Some of the details, such as different-coloured thatch on a part of the main lodge’s roof that underwent some repairs, jar for a second aesthetically and then blend into the background.
Of more positive impact is the absence of the Biggie Best-style frilliness and floral patterns that were de rigueur for such establishments in recent years. It appeared that the thinking was this was a countryside venue with a quaint name out of a Beatrix Potter story and it should therefore look and feel as though it was occupied by a farmer’s ouma who spent all day in her rocking chair, quilting blankets from discarded bits of fabric dropped off by the neighbours once they’d made Betsy’s dress for the upcoming confirmation service.
Happily, the GMCH owners have, as well as continuously expanding the original offering – guests still take their meals in the extended original farmhouse with its distinctive church windows, but there’s now the still-shiny spa built a few years ago and the newer Deluxe rooms, a couple of minutes walk from the reception area – kept up with the times in terms of their decor.
There’s no need to get overly sniffy and reproduce minimalistic rooms from the centrespread of some glossy magazine that costs R350 an issue and contains no text – so they haven’t. They’ve gone instead for something that exudes warmth, but not by stuffing so much bric-a-brac and old couches into the room that said warmth is achieved by herding guests into the centre of the room with furniture and thus keeping them away from the windows.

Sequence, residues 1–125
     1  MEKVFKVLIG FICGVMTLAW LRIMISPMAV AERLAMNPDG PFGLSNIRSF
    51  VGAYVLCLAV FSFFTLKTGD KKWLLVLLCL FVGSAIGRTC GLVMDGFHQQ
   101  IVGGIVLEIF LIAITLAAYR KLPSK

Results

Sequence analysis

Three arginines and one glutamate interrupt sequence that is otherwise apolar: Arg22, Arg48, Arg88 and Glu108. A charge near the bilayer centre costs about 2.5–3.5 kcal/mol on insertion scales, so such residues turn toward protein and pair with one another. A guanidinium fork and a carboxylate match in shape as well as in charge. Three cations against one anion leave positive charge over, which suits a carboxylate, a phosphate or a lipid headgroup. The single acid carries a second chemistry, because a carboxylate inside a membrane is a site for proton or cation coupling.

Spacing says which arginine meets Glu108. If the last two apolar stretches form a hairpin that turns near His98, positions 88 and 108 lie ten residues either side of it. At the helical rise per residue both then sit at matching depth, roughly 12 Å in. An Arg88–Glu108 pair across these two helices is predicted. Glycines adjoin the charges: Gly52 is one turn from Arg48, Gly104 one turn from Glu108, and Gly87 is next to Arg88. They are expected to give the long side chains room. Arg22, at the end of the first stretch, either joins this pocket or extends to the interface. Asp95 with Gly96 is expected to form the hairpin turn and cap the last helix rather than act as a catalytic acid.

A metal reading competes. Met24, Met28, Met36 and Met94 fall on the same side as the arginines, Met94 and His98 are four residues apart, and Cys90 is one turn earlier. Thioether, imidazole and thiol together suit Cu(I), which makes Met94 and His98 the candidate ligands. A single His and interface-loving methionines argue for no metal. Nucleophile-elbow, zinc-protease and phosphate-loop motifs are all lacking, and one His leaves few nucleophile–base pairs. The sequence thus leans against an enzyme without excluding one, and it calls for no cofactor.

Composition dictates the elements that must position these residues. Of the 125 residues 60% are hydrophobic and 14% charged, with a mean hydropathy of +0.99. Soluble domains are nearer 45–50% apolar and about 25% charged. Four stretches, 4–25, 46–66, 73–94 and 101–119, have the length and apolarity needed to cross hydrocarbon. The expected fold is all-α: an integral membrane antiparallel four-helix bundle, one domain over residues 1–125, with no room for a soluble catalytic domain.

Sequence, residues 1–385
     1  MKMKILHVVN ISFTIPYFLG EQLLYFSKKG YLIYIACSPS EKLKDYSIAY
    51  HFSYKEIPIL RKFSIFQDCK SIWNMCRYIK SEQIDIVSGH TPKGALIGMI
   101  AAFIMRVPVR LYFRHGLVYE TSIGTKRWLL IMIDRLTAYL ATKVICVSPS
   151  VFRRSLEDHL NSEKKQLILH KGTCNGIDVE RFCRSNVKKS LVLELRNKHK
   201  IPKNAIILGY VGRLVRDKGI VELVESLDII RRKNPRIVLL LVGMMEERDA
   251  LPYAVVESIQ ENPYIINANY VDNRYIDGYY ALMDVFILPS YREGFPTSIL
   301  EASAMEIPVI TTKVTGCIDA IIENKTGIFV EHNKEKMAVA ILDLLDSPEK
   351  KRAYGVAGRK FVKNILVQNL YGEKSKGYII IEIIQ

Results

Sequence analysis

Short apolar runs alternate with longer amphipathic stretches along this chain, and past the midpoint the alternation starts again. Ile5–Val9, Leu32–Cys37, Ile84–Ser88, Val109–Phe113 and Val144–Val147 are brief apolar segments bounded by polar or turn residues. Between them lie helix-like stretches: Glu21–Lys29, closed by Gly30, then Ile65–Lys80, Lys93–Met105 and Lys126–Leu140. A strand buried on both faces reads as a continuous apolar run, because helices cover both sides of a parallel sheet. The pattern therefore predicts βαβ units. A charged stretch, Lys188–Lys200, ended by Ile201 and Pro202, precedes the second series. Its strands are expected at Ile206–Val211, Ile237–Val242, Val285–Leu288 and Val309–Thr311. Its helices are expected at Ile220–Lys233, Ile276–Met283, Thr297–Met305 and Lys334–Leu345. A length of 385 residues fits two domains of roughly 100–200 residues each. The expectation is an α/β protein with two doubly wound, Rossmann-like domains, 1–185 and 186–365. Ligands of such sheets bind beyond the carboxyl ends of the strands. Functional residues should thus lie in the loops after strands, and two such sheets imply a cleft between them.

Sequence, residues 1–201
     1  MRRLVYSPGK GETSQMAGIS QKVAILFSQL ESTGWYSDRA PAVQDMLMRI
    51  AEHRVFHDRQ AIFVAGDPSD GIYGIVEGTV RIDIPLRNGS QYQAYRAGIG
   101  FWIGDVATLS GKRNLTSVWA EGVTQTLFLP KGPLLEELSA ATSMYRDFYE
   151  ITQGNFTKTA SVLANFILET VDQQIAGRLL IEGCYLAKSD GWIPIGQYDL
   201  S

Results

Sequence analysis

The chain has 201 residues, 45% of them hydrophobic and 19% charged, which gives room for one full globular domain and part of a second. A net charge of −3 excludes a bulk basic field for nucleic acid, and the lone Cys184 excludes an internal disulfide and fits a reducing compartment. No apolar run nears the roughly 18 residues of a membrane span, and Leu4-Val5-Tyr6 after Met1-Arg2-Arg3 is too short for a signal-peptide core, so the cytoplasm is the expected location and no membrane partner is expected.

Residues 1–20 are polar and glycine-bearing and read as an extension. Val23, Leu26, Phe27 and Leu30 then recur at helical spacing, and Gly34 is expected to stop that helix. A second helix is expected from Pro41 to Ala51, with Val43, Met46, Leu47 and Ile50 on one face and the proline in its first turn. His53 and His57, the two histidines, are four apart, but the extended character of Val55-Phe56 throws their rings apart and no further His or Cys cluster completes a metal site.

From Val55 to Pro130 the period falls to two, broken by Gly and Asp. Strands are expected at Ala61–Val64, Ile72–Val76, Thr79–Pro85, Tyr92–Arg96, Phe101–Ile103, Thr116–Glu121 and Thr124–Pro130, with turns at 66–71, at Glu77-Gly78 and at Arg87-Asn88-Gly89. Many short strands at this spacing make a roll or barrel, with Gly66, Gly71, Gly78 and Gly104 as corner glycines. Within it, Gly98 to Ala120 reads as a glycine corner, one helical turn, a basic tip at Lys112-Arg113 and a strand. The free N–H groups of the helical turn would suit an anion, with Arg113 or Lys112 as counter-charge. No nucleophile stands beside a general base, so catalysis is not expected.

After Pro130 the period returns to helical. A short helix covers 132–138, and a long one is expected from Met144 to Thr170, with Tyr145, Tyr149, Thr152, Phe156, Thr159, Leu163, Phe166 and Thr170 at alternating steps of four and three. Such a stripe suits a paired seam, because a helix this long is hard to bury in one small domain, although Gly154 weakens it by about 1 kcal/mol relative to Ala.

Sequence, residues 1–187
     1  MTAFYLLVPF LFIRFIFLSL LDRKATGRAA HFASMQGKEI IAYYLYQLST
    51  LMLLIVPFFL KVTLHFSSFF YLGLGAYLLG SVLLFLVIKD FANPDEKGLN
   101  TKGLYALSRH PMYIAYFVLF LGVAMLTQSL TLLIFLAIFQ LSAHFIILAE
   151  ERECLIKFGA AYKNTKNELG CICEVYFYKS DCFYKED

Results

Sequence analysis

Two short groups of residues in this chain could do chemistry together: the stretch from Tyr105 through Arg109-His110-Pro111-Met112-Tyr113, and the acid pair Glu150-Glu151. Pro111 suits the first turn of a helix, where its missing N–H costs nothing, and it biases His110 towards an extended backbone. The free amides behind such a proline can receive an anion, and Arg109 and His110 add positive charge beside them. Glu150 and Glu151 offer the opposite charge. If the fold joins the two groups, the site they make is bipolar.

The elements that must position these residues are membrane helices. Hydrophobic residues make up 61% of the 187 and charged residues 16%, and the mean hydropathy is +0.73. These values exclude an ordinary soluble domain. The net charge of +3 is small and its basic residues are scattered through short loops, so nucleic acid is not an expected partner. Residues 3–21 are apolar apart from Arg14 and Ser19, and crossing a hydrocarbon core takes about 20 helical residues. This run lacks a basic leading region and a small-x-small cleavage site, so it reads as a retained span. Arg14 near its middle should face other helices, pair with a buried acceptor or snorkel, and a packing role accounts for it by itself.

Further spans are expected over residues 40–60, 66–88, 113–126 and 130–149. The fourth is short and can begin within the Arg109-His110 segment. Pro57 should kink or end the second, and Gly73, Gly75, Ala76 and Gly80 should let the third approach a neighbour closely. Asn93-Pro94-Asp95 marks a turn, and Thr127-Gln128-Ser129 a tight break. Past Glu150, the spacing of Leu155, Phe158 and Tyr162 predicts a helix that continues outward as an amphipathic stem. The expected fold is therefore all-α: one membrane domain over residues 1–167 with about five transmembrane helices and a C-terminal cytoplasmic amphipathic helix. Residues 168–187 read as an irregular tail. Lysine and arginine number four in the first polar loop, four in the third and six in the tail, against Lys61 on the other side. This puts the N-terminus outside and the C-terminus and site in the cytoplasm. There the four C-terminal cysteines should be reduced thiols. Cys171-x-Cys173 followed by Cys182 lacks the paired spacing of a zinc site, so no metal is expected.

Here there is space and style, with features such as a little free-standing fireplace (make your own fire, Boy Scouts, or let one of the staff sort it out for you when they pop in for turn-down while you’re in one of the restaurants) and a wide sunbed on which you can lie, shielded from your neighbour’s view and enjoy a cup of plunger coffee – an important detail; you don’t want to pay four-star rates and get congealed Frisco – as the sun goes down.
Considering that the hotel is slap-bang in the middle of the KZN mist belt, it’s not surprising that such features receive regular use.
Elsewhere on the property, GMCH does its best to keep you in the building and off your feet, despite being part of the Midlands Meander, which will require exploring at some point during your stay, and having a picturesque river running in the valley below it. Apart from the spa, the restaurants and the pool – all areas in which guests are expected to expend the bare minimum in energy terms – there is a large lounge overlooking the valley, flanked by two bars.
One of them, Cigar (named after an American racehorse, not the rolled-up Cuban thingy) is the only spot in the hotel where you can smoke, and you can dress up that experience with a snifter of fine brandy or one of the single malt whiskies that line the shelves. The other bar is where sports fans will gather to support football, rugby and cricket with like-minded travellers, or to read a magazine while nursing a craft beer.
There’s also a cellar where, preferably with your hands behind your back and out of harm’s way, you can peruse the venue’s collection of fine vintages and perhaps have a word in the chef’s ear regarding what might later be matched with something on the menu.